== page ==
Attorney General Eric Holder on Sunday ordered a federal medical examiner to perform another autopsy on a black Missouri teenager whose fatal shooting by a white police officer has spurred a week of rancorous and sometimes-violent protests in suburban St. Louis.

    August 17, 2014

  • news_missingamish.jpg Official: Amish girls sexually abused in abduction

    Two young Amish sisters were sexually abused after their abduction from a roadside farm stand in northern New York, a prosecutor said Saturday.

    August 17, 2014 1 Photo

  • Ukraine [Duplicate] Ukraine says troops entered rebel-held city

    Ukraine's government said Sunday that separatists shot down a Ukrainian fighter plane after army troops entered deep inside a rebel-controlled city in the east in what could prove a breakthrough development in the four-month long conflict.

    August 17, 2014 1 Photo

  • news_ferguson.jpg Governor declares emergency, sets Ferguson curfew

    Missouri Gov. Jay Nixon declared a state of emergency and imposed a curfew Saturday in a St. Louis suburb where police and protesters have clashed in the week since a black teenager was shot to death by a white police officer.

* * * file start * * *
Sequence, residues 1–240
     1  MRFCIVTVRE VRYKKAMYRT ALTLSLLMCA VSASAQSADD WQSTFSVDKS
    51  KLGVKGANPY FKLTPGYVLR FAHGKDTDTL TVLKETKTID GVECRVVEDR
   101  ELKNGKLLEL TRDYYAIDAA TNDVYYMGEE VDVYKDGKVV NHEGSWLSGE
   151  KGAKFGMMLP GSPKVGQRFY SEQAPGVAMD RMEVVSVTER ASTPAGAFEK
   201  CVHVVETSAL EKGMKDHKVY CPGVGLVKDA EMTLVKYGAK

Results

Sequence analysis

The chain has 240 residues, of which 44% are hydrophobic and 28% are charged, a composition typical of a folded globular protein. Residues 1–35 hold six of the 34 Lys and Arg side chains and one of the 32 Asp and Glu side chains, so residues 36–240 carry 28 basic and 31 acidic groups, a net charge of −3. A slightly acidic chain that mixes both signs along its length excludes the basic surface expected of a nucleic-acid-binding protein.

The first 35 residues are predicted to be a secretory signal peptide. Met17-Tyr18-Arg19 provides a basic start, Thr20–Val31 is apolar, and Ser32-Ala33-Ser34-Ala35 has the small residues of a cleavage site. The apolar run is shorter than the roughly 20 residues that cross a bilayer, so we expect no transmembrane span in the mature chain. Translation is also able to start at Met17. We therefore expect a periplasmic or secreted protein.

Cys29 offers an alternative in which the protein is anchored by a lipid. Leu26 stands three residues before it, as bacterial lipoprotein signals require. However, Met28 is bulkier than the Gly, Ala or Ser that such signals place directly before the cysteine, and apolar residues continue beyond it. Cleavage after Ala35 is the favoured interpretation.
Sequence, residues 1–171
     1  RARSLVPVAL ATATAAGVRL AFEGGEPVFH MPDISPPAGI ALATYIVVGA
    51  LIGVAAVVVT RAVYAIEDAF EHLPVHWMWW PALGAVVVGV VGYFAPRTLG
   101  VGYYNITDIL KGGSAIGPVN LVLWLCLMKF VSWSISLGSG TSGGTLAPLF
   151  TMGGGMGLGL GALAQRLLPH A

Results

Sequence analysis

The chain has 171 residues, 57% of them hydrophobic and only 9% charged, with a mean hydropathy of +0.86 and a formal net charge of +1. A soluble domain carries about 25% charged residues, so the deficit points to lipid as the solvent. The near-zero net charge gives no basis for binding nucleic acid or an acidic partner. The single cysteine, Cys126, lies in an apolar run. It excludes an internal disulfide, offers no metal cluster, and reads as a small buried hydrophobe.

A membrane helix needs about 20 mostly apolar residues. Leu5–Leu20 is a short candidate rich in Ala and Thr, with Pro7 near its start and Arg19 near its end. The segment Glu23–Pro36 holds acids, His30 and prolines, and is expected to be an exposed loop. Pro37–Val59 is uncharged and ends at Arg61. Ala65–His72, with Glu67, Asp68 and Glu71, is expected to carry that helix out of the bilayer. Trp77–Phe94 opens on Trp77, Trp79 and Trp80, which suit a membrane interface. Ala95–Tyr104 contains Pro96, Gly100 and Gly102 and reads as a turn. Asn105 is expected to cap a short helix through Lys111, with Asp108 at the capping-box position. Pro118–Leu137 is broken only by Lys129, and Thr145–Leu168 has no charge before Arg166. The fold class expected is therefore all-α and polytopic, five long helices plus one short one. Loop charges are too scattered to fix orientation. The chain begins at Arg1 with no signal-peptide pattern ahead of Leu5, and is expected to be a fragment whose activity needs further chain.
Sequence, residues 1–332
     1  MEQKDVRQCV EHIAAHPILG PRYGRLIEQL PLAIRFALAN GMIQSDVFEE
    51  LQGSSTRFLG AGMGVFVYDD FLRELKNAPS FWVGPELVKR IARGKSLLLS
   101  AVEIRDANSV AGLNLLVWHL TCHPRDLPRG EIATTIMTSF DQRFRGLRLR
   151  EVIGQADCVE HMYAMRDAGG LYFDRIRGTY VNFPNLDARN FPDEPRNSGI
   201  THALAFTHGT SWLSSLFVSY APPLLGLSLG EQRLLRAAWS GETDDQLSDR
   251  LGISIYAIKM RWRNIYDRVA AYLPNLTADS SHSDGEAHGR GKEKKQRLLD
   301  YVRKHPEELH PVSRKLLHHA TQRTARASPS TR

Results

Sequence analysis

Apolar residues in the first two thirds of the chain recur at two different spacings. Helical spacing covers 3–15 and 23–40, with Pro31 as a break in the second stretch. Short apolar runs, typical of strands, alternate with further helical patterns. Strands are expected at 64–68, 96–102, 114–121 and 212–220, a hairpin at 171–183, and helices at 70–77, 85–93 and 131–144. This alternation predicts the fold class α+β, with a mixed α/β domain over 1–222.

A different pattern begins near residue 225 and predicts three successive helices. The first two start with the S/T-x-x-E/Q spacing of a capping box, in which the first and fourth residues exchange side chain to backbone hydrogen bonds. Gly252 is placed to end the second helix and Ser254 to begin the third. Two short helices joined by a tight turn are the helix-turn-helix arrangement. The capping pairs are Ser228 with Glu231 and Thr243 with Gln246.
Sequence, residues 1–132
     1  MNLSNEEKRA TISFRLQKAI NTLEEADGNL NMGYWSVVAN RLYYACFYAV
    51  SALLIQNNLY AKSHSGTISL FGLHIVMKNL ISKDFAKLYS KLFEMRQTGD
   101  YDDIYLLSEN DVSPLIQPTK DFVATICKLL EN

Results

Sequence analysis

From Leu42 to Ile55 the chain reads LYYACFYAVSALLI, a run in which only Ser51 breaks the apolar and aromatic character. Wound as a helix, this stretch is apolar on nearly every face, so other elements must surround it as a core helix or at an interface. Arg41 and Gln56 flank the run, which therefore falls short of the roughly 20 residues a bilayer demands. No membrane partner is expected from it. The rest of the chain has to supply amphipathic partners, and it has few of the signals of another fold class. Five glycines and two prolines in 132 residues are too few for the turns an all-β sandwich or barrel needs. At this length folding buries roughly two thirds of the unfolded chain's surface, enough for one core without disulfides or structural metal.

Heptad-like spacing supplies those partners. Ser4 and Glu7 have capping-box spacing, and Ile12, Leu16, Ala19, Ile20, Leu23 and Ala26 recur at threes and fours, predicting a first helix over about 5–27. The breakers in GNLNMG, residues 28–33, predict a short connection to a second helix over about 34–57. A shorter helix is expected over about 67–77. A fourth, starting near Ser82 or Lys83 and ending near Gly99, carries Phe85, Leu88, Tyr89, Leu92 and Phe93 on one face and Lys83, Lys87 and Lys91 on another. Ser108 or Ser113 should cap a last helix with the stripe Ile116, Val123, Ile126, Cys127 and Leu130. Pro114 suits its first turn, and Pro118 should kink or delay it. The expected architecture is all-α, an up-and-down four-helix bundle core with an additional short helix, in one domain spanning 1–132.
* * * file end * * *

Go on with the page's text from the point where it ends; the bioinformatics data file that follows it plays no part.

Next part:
August 17, 2014 1 Photo

  • news_rickperry.jpg Perry is latest 2016 GOP hopeful facing legal trouble

    As they form exploratory committees and begin hiring staff in key presidential battleground states, three potential Republican White House candidates also face the distraction of legal troubles back at home. The latest is Texas Gov. Rick Perry, who following his indictment on two felony charges, is staring at the most serious accusations of wrongdoing by a prominent Republican governor openly considering a run for president.

    August 17, 2014 1 Photo

  • Missing Amish Girls_Mile.jpg Sheriff: Pair may have plotted to kidnap more kids

    A couple accused of kidnapping two young Amish sisters were prowling for easy targets and may have also planned to abduct other children, a sheriff said Saturday.

    August 17, 2014 1 Photo